Because of the CAM rule, parametric monitoring is getting some traction, as parametric monitoring is proving to be a more flexible, as well as less expensive options, to demonstrate compliance.
Emission Control Systems
They also install emission control systems, which help them keep air pollution output below their designated levels. These air filters can treat the supply of exhaust stream, and help a manufacturing avoid destroying the environment any more.
Depending on the nature of the job, industrial facilities may employ mist collectors, electrostatic precipitators, odor control systems, wet scrubbers, dry scrubbers or other air filters. Examples of air filters include: oil filters, air compressor filters, woven fabric filters, oil filters, air intake filters, bag filters and gas filters.
Another common air purifier system is the oxidizer, which breaks up pollutants and remakes them into non-toxic carbon, by burning them at the heart of the machine. Prominent oxidizer types include: catalytic oxidizers, thermal oxidizers (including regenerative thermal oxidizers and recuperative oxidizers) and carbon absorbers.
Catalytic oxidizers use high heat or elemental additives to burn VOCs.
Thermal oxidizers wash dirty air in platinum or palladium, which causes the oxygen to separate from VOCs. They process creates non-toxic byproducts like nitrogen and oxygen.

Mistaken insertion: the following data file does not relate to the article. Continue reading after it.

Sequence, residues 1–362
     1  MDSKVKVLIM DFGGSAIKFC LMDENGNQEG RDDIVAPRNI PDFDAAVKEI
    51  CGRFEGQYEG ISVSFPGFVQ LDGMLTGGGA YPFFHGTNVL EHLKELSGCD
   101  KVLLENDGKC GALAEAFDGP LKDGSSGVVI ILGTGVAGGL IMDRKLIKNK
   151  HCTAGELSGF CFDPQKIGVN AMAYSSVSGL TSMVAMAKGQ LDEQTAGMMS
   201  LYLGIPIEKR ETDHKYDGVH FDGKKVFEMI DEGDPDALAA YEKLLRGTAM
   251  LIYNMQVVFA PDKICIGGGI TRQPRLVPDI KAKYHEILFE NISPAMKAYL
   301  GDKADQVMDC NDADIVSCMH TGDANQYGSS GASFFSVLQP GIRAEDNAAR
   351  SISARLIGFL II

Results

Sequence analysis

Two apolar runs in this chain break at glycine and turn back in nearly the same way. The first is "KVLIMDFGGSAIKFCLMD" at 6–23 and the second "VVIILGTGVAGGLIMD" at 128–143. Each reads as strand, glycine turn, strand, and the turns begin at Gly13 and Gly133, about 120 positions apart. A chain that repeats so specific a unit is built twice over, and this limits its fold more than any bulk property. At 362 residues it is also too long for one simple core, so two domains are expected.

Both processes may be either regenerative or recuperative. This is a helpful feature for agricultural, mining/geo-chemical, pharma, auto and other industrial manufacturing facilities that lose money from running pollution control systems both inside and outside, because it helps them recycle heat and cut costs.
Regenerative thermal oxidizers (RTOs) utilize ceramic heat transfer beds to recover as much energy released during oxidation as they can. Usually this mounts to 90% to 95%.
Recuperative oxidizers, on the other hand, employ shells, tubes, plates or some other conventional heat exchanger to preheat polluted gas in an energy recovery chamber. By using energy released by oxidized VOCs, they are able to sustain themselves.
Carbon absorbers, or air scrubbers, are another type of oxidizer. They work by filtering contaminated air as it flows through or over an activated carbon bed. When the air stream passes the carbon bed, the carbon bed captures and absorbs the VOCs, and releases only clean air.
Carbon absorbers may use a number of technologies and helpful substances, such as: lithium hydroxide, sodium hydroxide, amines (ex. monoethanolamine) and minerals and zeolites (ex. serpentinite).
Safety and Compliance Standards
Air pollution control equipment helps its users adhere to a variety of safety and compliance standards, like those put out by the EPA.
Environmental Protection Agency (EPA) regulations, such as the Clean Air Act and the National Ambient Air Quality Standards (NAAQS), limit the type and quantity of VOCs and HAPs industrial manufacturing facilities may emit during processing. It’s important to respect these regulations not only from a business standpoint, but from the perspective of community health and ethics.
Things to Consider
How to choose monitoring equipment
Choosing the appropriate monitoring equipment or method not just involves the performance comparisons and basic cost, as operational environment and conditions differ from one facility to another, for a given classified source. Monitoring equipment is unique to each installation and facility, and the selection is based on number of considerations.
1. As the physical and chemical properties of the pollutant and waste gas stream vary, it is important to consider them, before making any choice.
2. Monitoring equipment must complement the system it will be used for; check the permitting limits or regulatory limits, and any other associated reporting requirements, thoroughly.